The Science Stuff: Why am I me? Part 2

Previously, we’d spoken about how DNA contains all the information needed for our body to produce essentially, us. But how do our cells transform this genetic code from just instructions, to the real thing?  How did I end up with such frizzy hair? The answer is proteins, encoded by genes within our DNA. It is the function of proteins in our cells that make us who we are. The journey from DNA to protein is not simple, but we can simplify it into 2 main processes; Transcription and Translation.

Firstly, a protein enzyme known as RNA polymerase attaches itself to a strand of DNA and uses free nucleotides in the nucleus complementary to the nitrogenous bases in the DNA strand to make a strand of pre-messenger RNA (pre-mRNA). The pre-mRNA is an exact copy of the DNA (with the exception that Thymine is replaced by Uracil), and contains regions known as introns and exons. Exons contain the information needed to encode a gene whilst introns are just useless regions that goes into the bin. Splicing is the process responsible for taking out the introns and combining the exons in pre‑mRNA to make mRNA. The transcription of genetic information therefore refers to the production of mRNA from DNA, which includes the process of splicing.

Amino acids are the precursors of peptide chains, and the folding of peptide chains becomes protein. The process responsible for making peptide chains using mRNA is known as Translation and involves another type of RNA called transfer RNA (tRNA). Each tRNA has an amino acid attached to one end, and 3 nitrogenous bases attached to the other. The bases on the tRNA complementary to the 3 bases on the mRNA (known as a codon), will temporarily attach. For example, the codon Adenine-Uracil-Guanine (AUG) on the mRNA codes for the amino acid Methionine. As more tRNA attaches to the mRNA strand, amino acids on the end of adjacent tRNAs are brought close together and subsequently forms a peptide chain using multiple peptide bonds.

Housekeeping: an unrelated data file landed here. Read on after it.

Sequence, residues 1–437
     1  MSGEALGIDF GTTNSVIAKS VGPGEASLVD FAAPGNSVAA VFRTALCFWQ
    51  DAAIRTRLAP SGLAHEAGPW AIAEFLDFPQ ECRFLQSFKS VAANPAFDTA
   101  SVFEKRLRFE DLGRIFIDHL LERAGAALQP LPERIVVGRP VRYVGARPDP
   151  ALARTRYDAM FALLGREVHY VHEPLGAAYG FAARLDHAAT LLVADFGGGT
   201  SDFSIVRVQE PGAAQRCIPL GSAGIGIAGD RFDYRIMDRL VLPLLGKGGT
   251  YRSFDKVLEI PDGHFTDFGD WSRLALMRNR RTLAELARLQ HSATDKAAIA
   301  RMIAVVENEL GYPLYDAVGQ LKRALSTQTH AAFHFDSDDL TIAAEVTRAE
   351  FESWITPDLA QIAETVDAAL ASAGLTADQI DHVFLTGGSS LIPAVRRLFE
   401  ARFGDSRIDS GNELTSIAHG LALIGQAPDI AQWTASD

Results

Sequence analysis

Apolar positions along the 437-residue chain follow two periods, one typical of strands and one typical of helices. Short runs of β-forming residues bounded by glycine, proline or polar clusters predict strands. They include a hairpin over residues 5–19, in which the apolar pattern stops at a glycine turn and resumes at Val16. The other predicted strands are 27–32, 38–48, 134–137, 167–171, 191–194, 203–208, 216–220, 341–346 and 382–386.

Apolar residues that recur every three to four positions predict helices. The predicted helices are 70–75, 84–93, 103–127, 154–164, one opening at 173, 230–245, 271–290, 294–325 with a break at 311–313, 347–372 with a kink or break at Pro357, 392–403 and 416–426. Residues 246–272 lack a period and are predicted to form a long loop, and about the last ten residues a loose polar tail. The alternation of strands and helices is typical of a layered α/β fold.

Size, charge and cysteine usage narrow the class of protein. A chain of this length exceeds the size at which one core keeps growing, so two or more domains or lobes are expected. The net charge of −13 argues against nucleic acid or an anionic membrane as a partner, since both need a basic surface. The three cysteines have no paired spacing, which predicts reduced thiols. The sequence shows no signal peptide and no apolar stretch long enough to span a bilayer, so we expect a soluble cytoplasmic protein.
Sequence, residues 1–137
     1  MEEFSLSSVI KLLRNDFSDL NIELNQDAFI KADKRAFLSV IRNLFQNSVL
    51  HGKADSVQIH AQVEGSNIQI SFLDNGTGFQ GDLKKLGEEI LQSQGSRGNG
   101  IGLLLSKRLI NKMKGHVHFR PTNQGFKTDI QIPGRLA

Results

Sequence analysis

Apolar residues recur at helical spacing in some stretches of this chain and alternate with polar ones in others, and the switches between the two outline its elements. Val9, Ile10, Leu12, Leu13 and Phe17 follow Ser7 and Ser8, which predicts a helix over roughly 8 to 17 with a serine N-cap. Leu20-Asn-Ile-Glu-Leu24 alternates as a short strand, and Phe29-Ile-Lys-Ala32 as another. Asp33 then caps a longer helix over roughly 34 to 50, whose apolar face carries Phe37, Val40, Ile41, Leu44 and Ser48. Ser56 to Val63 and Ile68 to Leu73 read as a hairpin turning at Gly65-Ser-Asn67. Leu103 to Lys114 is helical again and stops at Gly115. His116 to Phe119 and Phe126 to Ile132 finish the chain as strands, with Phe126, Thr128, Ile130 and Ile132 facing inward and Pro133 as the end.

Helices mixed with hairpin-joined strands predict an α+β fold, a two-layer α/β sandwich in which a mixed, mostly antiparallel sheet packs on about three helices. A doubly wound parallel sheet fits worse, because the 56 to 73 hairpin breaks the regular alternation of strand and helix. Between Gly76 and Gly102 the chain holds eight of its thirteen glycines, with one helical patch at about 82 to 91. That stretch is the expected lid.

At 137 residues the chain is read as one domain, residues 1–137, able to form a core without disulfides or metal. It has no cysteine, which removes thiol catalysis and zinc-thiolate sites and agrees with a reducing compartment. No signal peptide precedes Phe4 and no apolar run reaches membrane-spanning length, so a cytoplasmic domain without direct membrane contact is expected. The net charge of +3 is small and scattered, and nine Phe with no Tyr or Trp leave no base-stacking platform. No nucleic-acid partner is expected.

…And there you have it. Part 1 and 2 combined should have answered the question, “Why am I me?”. An explanation of how our DNA makes us, us! All of this is happening inside our bodies right now, without us even realising. Of course, I’ve probably missed out loads of details, but the point of my science posts is not to get you up to scratch for any exams but to enlighten some of you, maybe without a science background, on how amazing science truly is.

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The Science Stuff: Why am I me? Part 1

Because of my genes!

Here’s a fun fact about me. As a teenager, I decided to get 3 piercings in my left ear all at once. I mean back then it was the cool thing to do, and I admit, it did look pretty awesome. Until they got infected that is, which is when it all went downhill for my ear. What I hadn’t known back then was that because my great-grandmother was Malaysian, (making me mostly Chinese, but 1/8 Malay), the slightly darker skin that I have, had made me more prone to the production of Keloid scars. As a result, when my ear got infected, the scarring gradually built up within the space of a couple of years and became the size of a grape. Not even a small grape, but a pretty sizable one. Imagine that coming out the back of your ear lob. Hideous right? Luckily, I managed to get it surgically removed, and had radiotherapy to stop it from growing back. It worked for about a year, and then started coming back again. Now, because I am not allowed to have radiotherapy again on my ears (due to the risk of excess radiation causing cancer), doctors will not do any further surgical procedures for my Keloid scars. So now I wear a clip on my ear to keep the scars compressed and hopefully stop it from growing any further.